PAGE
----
They’re just not that into you…that’s what searchers are saying when they saddle you with a low CTR. Low CTR often happens in conjunction with several other issues mentioned on this list, such as not A/B testing ad copy or landing pages and not using negative keywords. Because Google interprets a low CTR as a sign that your ads are less relevant to searchers, your quality scores will suffer and as a result your ad position will fall while your cost-per-click rates rise. It’s a double whammy to your PPC campaign, which is why keeping your CTR high and healthy is critical to your success.

4. Low Quality Score

A low quality score on AdWords means that Google feels your ads are not providing a quality search experience for its users, and as a result you are nailed with a pricing penalty, paying more per click in order for your ad to reach the top of the page. Google’s cost-per-click takes into account your AdWords maximum cost-per-click bid as well as your quality score – which is why it’s essential to keep your quality score out of the trenches. Like CTR, low quality scores are a symptom of a larger problem, which is once again fed by a number of factors mentioned on this list.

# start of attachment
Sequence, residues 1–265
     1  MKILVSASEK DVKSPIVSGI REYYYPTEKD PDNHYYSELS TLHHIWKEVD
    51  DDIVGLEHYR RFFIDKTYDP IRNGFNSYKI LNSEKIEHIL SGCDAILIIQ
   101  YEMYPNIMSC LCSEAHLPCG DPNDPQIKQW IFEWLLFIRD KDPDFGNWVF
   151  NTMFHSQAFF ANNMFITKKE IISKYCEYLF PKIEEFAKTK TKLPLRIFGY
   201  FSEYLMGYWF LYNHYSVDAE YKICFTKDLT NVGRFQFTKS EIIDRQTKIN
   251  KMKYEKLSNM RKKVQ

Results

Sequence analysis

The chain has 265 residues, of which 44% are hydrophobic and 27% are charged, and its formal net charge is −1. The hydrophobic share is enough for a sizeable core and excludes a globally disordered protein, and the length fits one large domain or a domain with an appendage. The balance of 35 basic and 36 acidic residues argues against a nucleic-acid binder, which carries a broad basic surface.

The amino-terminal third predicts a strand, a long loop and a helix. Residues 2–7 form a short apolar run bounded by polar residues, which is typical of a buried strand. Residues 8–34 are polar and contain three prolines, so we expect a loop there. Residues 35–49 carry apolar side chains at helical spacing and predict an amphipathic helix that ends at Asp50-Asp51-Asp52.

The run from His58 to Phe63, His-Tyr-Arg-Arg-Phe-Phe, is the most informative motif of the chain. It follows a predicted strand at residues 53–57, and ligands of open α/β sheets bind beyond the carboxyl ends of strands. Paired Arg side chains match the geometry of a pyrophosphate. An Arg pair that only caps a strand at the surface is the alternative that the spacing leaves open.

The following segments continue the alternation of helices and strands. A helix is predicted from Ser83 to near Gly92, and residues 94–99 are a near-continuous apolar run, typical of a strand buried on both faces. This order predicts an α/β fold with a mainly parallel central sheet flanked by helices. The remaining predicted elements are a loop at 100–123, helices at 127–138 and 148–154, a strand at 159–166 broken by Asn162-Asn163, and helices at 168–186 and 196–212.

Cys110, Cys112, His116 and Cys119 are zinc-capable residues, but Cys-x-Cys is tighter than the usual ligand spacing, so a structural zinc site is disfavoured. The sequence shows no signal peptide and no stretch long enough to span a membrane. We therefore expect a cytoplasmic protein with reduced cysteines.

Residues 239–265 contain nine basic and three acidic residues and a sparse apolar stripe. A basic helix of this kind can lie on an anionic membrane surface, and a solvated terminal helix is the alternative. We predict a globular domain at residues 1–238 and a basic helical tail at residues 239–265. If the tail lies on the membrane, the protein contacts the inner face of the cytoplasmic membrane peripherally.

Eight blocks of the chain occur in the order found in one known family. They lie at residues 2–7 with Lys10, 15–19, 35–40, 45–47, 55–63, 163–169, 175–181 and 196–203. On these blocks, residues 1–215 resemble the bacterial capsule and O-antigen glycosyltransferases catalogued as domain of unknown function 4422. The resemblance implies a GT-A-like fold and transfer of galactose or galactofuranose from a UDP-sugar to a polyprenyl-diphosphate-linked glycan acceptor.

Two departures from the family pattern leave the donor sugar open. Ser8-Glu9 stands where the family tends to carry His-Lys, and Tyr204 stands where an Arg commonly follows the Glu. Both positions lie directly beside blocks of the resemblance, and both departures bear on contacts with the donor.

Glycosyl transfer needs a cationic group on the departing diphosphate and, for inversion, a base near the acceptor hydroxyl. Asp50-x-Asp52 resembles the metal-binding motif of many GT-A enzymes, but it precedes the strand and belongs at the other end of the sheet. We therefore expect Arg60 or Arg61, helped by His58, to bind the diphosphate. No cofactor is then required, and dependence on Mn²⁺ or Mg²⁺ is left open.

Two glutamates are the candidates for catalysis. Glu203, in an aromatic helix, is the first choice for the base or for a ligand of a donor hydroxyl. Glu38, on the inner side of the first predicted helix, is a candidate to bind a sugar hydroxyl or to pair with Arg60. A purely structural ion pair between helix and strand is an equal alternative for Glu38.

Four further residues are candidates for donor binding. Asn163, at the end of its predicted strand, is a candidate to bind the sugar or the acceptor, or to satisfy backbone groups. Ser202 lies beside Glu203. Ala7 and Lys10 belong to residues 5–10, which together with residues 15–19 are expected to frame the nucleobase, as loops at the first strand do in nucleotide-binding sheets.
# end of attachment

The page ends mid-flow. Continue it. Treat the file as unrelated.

5. Disorganized Account Structure

Account structure is the foundation of your Adwords account. Building on top of a disorganized structure is only going to lead to poor management and ultimately frustration. You should be able to easily navigate through all your AdWords campaigns, ad groups and keywords with minimal confusion. It is important to establish a long term plan and vision for your account prior to building it out. This way you can grow into your account as your business expands, not out of it.

6. Only 1 Ad per Ad Group

Even the pros don’t write the perfect ad copy on the first try. Chasing down that perfect ad happens through a constant cycle of A/B testing, which pits 2 or more ads against each other to determine which ones perform the best. As the lower performing ads surface, they are paused and replaced by new ad copy. Rinse and repeat a few hundred times, and voila, you’ve got the perfect ad.